Investing in the Next Wave of Fintech: Making Sense of Fintech in a Bear Market
The fintech sector has gone from one of the hottest sectors to struggling in the public markets, leading to uneasiness in the broader fintech startup market.
While markets may be rocky, we still see a lot of room for innovation in the fintech landscape across B2B and B2C. Consumer awareness is still in the early innings, financial services for businesses remain antiquated, infrastructure continues to be built to improve and eventually replace legacy rails, and traditional financial institutions continue to invest in innovation.
We’re still excited about founders and businesses building in the fintech space and what’s to come. In fact, many notable fintech startups were founded during/right after the Great Recession of 2007–09: Square, NerdWallet, Betterment, WealthFront, and Venmo.
Everyone knows the public market has had a brutal 2022 so far, particularly tech stocks. Year to date, the NASDAQ is down 29%, the worst performance the overall public tech market has seen since the 2008 financial crisis and the 2000 DotCom crash.
Fintech stocks have had it worse. Examining 19* of the “hottest” fintech IPOs since March 2020, these stocks are down on average 61% YTD and 73% since their respective IPOs. Even fintech (or fintech adjacent companies) that have been public for longer and seemingly more mature businesses have been beaten up by the public markets. Companies such as Block, Paypal, FiServ, Bill.Com, and LendingClub are down on average 49% YTD.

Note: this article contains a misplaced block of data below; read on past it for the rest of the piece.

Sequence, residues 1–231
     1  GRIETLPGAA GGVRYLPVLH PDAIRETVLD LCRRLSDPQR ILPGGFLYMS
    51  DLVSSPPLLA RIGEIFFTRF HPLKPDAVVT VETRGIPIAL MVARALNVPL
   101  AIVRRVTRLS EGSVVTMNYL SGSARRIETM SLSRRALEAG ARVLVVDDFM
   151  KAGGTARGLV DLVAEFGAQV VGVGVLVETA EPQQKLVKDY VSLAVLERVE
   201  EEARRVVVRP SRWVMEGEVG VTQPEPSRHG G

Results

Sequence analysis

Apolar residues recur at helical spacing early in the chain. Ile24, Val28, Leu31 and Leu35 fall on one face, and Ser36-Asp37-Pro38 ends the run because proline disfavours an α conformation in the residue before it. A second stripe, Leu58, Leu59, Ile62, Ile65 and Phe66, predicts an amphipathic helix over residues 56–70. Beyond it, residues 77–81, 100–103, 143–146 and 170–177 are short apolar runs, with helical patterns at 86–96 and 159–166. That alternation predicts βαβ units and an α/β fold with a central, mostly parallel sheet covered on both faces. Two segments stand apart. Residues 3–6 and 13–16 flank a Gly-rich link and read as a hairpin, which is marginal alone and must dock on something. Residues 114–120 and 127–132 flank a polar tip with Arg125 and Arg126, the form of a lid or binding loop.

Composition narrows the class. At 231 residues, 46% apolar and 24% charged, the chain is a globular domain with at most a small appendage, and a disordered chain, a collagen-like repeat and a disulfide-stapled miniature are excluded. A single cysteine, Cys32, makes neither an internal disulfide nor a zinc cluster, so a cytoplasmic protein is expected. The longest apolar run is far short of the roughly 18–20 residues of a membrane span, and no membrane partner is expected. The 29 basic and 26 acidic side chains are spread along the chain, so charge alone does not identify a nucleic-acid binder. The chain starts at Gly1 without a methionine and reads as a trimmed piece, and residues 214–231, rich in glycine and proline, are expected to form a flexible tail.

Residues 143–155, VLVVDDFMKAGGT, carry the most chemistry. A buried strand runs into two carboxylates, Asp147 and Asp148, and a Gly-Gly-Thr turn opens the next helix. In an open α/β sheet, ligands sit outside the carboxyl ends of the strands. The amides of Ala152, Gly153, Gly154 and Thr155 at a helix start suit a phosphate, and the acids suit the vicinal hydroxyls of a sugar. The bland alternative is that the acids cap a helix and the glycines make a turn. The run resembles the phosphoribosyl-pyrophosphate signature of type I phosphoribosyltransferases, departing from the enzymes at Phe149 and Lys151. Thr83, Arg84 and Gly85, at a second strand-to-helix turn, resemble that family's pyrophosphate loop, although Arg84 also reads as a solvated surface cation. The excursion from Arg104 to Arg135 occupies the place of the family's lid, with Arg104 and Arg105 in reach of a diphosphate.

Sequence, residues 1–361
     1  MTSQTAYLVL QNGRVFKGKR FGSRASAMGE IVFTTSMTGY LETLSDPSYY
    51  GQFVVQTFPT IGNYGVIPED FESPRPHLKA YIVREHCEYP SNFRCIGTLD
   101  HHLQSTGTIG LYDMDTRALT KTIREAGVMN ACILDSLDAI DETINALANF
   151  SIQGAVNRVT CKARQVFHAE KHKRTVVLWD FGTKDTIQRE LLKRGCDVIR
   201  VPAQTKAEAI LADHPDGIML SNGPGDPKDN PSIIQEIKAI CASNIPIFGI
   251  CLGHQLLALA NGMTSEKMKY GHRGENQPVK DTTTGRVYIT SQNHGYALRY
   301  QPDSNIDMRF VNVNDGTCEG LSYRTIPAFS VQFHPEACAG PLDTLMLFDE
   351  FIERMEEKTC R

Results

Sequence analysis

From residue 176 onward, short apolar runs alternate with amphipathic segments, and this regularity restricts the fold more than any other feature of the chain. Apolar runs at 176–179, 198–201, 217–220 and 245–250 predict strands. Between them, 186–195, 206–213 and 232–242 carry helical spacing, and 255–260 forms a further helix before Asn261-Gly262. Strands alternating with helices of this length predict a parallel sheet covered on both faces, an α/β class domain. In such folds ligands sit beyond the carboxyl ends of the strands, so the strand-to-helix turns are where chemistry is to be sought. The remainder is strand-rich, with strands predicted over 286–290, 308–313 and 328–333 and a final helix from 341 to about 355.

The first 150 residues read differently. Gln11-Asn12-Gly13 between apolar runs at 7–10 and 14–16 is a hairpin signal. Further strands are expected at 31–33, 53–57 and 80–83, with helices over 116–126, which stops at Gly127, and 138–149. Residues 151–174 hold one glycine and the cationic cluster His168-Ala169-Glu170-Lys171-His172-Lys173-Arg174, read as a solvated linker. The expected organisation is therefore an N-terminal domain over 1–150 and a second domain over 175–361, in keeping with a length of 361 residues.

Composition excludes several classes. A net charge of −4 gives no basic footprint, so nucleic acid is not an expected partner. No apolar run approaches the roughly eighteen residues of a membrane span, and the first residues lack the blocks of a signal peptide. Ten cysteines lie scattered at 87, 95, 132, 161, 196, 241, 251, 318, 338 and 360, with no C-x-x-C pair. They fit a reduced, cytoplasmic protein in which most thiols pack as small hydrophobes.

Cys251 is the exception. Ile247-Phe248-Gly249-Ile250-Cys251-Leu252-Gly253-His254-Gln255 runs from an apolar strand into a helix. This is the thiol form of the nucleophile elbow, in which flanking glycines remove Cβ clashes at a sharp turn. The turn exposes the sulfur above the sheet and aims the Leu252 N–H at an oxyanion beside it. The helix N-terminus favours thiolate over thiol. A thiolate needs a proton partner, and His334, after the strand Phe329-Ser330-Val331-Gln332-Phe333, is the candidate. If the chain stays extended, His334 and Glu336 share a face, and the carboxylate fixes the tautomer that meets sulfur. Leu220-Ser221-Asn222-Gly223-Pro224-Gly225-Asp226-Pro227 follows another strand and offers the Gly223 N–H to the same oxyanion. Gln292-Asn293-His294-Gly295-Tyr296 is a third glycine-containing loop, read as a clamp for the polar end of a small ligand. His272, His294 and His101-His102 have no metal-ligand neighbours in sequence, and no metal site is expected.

We are seeing a divergence between traditional financial services (FS) stocks and fintech stocks as companies like GS, Wells Fargo, and StateStreet are down only 27%, 20%, and 34%, respectively, and an insurance company like Progressive is up almost 7% YTD. This highlights how public investors view traditional financial institutions (FIs) differently from their technology-enabled counterparts.
Fintech is a massive industry that has implications in almost every sector and on a relative basis. The financial services industry is still rather antiquated from a consumer, business, and infrastructure perspective. This means there is still a lot of room for innovation despite the uphill climb.
Tl:dr growth has slowed for many fintech startups causing their revenue multiples to drop drastically, putting them more in line with older fintech companies. Many fintech companies generate a small fraction (in some cases less than 1%) of the revenue or customer bases of their incumbent competitors. Slowing growth combined with a lack of an existing base has caused multiples to fall by an average of 8x since IPO.
If public investors have fallen out of love with public fintech companies, what does that mean for the early-stage fintech startups and founders?